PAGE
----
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Making sense of medical knowledge with Queen's University Belfast

Eolas Medical - Using AI to make sense of clinical information hosted on our platform

Applied research: A collaboration with Queen’s University Belfast

Here at Eolas Medical, our mission is to put medical knowledge at clinical fingertips. One of the ways we are doing this is by using artificial intelligence to make sense of the clinical information hosted on our platform. By taking us beyond ‘simple’ search techniques and into the world of meaning-driven information management, AI helps us connect frontline healthcare professionals with the right information at the right time.

AI approaches to making sense of human language have evolved in leaps and bounds over the last few years. Modern “natural language processing” (NLP) approaches involve huge digital brains with billions of artificial neurons. As we discussed in a recent blog on how machines make sense of the internet, these “neural networks” encode the meaning of words, sentences and even paragraphs as lists of numbers. 

Those numbers - or, more accurately, “embeddings” - can be used for a range of different tasks, including search and even natural language question answering. Both search and question answering can be hugely impactful at the point of care and provide the focus for our collaboration with researchers at QUB.

Eolas Medical - Hospital Information & Content Management Solution

A motivating use-case - Wells score at your finger tips.

To look at this work through the lens of a concrete example, imagine I”m the clinical director of an emergency department. We’ve just updated our local DVT pathway, and I’m uploading it as a PDF to the My Emergency Department app.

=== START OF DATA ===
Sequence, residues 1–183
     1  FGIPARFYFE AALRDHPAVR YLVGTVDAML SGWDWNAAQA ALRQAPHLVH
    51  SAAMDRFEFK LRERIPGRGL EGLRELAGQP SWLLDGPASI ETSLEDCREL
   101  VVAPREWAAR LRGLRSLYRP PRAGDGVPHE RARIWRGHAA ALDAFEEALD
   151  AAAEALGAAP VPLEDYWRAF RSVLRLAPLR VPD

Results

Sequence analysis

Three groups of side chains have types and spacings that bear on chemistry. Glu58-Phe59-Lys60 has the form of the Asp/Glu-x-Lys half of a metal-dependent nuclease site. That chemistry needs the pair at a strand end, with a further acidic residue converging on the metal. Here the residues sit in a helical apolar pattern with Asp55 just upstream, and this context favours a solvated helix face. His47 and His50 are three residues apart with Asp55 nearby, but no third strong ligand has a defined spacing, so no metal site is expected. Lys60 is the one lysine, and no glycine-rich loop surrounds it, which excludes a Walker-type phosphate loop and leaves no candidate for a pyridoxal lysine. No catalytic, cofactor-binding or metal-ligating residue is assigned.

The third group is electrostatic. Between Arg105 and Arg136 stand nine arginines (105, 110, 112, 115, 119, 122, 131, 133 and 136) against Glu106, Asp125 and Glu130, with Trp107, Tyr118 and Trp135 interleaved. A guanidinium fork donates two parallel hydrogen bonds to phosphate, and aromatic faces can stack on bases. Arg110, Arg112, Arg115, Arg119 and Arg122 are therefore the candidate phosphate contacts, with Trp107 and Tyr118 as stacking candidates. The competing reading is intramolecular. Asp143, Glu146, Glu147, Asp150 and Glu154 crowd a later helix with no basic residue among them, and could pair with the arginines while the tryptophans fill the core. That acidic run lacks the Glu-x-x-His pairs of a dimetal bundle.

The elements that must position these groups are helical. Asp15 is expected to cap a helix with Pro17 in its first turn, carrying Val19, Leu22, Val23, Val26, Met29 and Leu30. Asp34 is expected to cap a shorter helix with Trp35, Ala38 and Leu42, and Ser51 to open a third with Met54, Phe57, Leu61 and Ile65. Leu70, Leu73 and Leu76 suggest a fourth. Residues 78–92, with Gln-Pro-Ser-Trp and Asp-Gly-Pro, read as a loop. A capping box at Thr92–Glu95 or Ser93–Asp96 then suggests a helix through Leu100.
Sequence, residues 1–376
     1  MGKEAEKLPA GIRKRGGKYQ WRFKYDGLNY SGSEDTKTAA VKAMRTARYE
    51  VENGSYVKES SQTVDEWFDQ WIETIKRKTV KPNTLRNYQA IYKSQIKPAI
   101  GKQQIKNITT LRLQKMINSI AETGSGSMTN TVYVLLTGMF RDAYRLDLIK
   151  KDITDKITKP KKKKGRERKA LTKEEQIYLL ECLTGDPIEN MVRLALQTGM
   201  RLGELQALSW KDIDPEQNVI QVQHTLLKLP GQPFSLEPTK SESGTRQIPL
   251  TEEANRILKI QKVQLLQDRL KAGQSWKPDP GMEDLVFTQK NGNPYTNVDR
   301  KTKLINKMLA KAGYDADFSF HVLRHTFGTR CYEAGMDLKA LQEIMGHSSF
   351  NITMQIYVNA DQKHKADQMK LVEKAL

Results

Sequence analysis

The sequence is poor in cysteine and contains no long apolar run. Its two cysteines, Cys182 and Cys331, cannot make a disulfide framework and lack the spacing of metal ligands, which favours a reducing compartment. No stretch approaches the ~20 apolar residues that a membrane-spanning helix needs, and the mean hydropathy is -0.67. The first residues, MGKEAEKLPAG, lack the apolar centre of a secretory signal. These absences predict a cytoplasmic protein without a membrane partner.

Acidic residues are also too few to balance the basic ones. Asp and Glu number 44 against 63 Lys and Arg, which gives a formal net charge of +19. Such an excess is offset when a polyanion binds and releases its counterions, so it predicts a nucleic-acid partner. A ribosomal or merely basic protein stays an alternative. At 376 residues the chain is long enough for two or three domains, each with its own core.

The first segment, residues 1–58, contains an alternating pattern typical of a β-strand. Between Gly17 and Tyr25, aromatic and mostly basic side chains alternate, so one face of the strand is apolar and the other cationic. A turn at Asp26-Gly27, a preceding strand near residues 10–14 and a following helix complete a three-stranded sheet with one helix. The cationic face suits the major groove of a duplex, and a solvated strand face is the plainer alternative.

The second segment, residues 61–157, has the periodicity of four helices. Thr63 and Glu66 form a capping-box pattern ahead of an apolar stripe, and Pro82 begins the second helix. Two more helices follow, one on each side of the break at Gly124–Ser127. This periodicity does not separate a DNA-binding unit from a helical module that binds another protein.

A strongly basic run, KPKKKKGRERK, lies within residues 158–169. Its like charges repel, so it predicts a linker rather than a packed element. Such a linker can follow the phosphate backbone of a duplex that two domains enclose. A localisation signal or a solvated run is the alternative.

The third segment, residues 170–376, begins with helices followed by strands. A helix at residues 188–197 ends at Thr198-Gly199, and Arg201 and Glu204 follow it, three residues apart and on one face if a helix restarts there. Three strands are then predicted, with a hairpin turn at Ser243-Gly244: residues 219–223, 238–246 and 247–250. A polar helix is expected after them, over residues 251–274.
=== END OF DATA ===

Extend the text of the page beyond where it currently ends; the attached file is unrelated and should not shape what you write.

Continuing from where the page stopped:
The next day, a junior doctor in my emergency department is seeing a patient with a suspected DVT. She opens the My Emergency Department app and runs the following search:

DVT risk assessment tool

It just so happens that our DVT pathway contains exactly the sentence she’s looking for:

The likelihood of venous thrombosis of the leg is evaluated using the Wells score, which can be calculated with MDCalc.

But we’ve got a problem. None of the search terms appear in our target sentence. To a conventional search algorithm that looks for matching words, the two appear completely unrelated.

And yet this is a really important challenge to solve. There might be 50 people waiting to be seen in our department, and if this is an NHS hospital we’re almost certainly short-staffed. If our junior doctor can’t find the information she needs via the app, she’ll probably waste valuable minutes hunting out a paper copy of the DVT pathway. With emergency department waiting times at an all-time high and clear evidence that long waiting times put patients at risk, that’s a problem.